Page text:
Monday, September 13, 2010

Why and how I make (so much) limoncello

Why? Surfeit of lemons . . . and I love it!  Of course, this photo was taken a few months back.  This time of year we only have lime impersonators on the tree.  Neapolitans love their lemons -- there are trees everywhere . . . along the streets, in the parks, and, of course, backyards.  We have five lemon trees in ours along with two tangerine and two orange trees.  It's citrus overload February through April.  I do make all kinds of other things . . . marmalade, lemon cakes, citrus salad dressings . . . to reap the bounty.  But limoncello makes the sunshine last a long, long time (unless, of course, you are Danny Devito).  I didn't post this in a timely way for yard-picked lemons, but it's good timing if you want to give limoncello for the holidays. 
Here's how I make it.  

Pam's Limoncello

1 liter bottle vodka (inexpensive is okay)
1 liter of grain alcohol or everclear*
12-15 organic Meyer lemons or Sorrento lemons as the case may be
5 cups sugar
4 cups filtered water
1 3-liter glass container (I found mine at World Market)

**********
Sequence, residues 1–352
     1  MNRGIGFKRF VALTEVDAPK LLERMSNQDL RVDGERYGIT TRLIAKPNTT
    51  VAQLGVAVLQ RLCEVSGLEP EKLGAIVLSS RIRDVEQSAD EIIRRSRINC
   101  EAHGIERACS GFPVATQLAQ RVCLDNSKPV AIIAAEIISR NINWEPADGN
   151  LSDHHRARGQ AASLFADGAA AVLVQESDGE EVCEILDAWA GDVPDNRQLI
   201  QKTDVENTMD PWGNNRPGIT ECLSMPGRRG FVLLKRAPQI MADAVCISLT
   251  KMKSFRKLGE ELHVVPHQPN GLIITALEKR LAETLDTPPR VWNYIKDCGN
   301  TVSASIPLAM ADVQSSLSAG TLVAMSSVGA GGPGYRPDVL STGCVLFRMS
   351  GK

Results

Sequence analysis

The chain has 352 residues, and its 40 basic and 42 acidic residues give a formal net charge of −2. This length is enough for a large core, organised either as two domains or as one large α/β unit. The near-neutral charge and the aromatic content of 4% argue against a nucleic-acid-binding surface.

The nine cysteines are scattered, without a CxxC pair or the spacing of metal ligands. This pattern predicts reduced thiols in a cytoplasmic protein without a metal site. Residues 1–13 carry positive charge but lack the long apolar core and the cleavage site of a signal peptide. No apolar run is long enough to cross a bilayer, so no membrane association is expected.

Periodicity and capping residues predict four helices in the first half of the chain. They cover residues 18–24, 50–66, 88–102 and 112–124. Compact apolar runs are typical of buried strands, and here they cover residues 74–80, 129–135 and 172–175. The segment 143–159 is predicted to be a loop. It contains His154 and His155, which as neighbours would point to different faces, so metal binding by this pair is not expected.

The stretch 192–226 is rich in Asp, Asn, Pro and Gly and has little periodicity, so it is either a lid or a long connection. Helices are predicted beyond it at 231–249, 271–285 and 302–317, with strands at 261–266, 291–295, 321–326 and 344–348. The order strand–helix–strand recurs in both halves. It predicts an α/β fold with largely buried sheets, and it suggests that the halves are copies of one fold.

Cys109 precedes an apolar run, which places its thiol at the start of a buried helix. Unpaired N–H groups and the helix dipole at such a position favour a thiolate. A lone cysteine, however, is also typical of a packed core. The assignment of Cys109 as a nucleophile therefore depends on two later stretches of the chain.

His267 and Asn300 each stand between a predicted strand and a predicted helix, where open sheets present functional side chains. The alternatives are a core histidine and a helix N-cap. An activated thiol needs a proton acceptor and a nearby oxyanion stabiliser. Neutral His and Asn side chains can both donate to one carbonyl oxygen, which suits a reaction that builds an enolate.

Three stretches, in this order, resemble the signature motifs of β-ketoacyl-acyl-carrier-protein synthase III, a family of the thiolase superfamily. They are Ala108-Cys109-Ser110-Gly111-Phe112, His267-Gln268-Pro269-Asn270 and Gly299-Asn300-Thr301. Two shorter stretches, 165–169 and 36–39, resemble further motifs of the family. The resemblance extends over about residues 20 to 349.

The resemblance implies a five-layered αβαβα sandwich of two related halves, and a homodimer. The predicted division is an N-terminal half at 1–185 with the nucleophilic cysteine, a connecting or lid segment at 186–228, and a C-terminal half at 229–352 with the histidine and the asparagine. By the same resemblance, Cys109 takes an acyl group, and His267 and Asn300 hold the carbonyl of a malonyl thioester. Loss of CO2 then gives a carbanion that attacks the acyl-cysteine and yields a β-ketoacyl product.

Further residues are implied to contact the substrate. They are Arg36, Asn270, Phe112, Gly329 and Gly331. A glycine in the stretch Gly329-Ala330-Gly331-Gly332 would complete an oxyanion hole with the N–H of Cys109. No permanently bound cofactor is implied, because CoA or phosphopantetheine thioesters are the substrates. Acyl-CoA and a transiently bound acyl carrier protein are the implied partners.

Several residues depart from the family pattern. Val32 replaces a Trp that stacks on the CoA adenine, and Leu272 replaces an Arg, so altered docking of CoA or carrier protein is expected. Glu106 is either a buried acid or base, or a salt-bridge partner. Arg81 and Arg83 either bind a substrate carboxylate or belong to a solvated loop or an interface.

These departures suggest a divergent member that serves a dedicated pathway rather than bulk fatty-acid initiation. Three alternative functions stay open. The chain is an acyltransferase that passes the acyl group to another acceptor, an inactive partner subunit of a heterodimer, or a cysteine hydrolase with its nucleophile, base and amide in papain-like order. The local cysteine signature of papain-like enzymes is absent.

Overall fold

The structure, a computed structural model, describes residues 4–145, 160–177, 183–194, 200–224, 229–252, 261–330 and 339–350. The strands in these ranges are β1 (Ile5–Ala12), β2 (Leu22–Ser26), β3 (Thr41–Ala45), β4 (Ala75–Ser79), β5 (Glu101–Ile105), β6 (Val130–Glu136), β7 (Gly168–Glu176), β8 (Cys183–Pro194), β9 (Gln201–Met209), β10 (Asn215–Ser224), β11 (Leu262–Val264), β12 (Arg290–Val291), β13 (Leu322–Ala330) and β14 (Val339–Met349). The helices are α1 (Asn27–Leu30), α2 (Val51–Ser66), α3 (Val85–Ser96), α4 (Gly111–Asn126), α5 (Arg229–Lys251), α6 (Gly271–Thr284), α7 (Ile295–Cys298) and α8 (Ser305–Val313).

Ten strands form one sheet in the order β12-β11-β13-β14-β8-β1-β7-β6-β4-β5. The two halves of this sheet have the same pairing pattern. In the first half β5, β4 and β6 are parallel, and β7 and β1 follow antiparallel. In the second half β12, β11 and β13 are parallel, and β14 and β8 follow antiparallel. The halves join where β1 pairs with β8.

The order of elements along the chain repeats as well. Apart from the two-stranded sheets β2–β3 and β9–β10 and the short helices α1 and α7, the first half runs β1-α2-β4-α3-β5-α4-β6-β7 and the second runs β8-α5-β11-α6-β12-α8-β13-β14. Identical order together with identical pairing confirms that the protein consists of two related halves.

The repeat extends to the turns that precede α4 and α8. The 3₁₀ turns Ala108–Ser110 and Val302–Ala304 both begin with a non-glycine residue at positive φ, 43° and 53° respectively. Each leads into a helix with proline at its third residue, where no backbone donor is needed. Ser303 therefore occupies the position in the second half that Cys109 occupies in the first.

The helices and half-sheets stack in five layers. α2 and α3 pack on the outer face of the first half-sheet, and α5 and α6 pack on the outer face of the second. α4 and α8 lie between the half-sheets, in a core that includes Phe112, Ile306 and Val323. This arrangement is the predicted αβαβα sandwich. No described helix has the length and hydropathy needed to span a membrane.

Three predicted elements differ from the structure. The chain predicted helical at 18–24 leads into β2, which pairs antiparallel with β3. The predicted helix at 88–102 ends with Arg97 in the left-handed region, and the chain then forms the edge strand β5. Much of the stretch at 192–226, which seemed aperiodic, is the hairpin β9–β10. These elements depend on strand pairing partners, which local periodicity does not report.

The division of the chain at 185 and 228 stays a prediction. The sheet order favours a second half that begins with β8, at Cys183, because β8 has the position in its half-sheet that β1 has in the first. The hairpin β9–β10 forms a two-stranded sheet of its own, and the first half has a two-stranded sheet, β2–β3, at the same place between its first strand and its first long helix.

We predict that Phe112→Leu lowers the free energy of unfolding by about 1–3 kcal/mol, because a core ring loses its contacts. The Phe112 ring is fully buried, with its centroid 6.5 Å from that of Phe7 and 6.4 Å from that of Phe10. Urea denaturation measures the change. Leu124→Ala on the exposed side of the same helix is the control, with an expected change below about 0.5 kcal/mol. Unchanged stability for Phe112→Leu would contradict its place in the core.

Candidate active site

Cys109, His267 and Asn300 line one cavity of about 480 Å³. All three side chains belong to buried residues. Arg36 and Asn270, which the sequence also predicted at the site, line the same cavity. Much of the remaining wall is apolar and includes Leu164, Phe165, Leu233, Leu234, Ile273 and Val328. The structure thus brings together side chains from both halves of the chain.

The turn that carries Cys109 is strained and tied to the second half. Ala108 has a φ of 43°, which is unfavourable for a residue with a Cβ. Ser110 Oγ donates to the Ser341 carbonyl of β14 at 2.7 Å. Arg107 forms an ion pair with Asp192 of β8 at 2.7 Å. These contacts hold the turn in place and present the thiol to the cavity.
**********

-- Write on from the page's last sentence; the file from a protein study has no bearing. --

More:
potato peeler (sharp one!) or sharp small knife
coffee filters
soup ladle
4-5 resealable bottles (Ikea has great ones)

First, pour both types of alcohol into the 3-liter glass container.  Wheeeeew! Don't get intoxicated from the fumes, especially since you will be using a sharp object now.

Use a sharp potato peeler or a small sharp knife to remove the zest or yellow skin of your lemons.  Minimize as much as possible the pith or the white underskin on your peels because the pith will cause the brew to be bitter.  Place peels in the alcohol as you work.  NOTE: Above you see the peeling was done after these lemons were juiced.  NO juice is used to make limoncello, just the zest.  I peeled for this batch post lemonade juicing -- usually we do it the other way around: zesting for limoncello first; juicing for lemonade next. I recommend that order for maximum peel and less pith.  

After depositing all the peel in the alcohol, seal the glass container and put it in a dark cabinet.  Forget about it for two weeks, four weeks, six weeks -- I've never gone longer than that.  Of course, you may want to unseal it after two weeks and take a whiff.  It should smell very lemony and have a wonderful clear yellow hue -- liquid sunshine! One of the ways to see if your distillation is ready is to fish out a peel with a fork and snap it in half with your fingers.  If it breaks like a slightly soggy potato chip, the peel has given up its essence. 

Put the 5 cups of sugar and 4 cups of water in a large pot and bring to a boil.  Stir to make sure the syrup is clear and turn off the heat.  Allow the syrup to cool to room temperature.  Place a colander over your pot and pour the alcohol into the colandar so that all the peels are collected in the colander and the alcohol mixes with the syrup.  Stir to ensure the two are completely mixed.